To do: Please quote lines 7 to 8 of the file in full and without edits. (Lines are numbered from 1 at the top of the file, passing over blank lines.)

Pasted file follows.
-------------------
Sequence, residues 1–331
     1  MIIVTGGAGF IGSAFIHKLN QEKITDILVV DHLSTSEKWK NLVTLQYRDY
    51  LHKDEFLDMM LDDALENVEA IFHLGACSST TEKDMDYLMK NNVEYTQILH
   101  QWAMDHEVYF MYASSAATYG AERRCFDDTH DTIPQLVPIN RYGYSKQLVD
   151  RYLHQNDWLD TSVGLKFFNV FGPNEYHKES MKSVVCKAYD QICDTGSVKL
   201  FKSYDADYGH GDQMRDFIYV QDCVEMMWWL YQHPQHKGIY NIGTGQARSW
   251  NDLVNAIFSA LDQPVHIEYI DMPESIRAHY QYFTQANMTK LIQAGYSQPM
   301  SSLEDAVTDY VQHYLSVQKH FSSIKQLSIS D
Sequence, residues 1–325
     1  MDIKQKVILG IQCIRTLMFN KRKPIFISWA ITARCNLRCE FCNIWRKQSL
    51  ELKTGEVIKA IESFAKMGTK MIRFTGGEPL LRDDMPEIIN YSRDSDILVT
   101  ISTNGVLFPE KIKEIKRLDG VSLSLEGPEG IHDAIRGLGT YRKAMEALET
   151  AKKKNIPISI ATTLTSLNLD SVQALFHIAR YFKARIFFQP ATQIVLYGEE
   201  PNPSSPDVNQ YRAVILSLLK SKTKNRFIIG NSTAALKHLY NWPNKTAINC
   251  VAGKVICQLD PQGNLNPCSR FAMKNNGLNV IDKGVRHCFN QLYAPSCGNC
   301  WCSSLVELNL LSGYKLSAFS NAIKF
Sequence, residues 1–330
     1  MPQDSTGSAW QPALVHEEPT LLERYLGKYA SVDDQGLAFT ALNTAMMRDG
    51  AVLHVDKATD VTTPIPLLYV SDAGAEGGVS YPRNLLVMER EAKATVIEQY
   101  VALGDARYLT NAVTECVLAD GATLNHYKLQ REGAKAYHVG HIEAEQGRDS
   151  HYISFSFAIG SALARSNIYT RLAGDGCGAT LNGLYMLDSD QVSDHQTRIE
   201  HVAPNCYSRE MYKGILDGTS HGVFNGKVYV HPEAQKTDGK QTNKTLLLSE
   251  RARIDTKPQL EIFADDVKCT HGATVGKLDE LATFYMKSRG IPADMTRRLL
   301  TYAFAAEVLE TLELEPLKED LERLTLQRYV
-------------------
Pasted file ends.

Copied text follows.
   251  NDLVNAIFSA LDQPVHIEYI DMPESIRAHY QYFTQANMTK LIQAGYSQPM
   301  SSLEDAVTDY VQHYLSVQKH FSSIKQLSIS D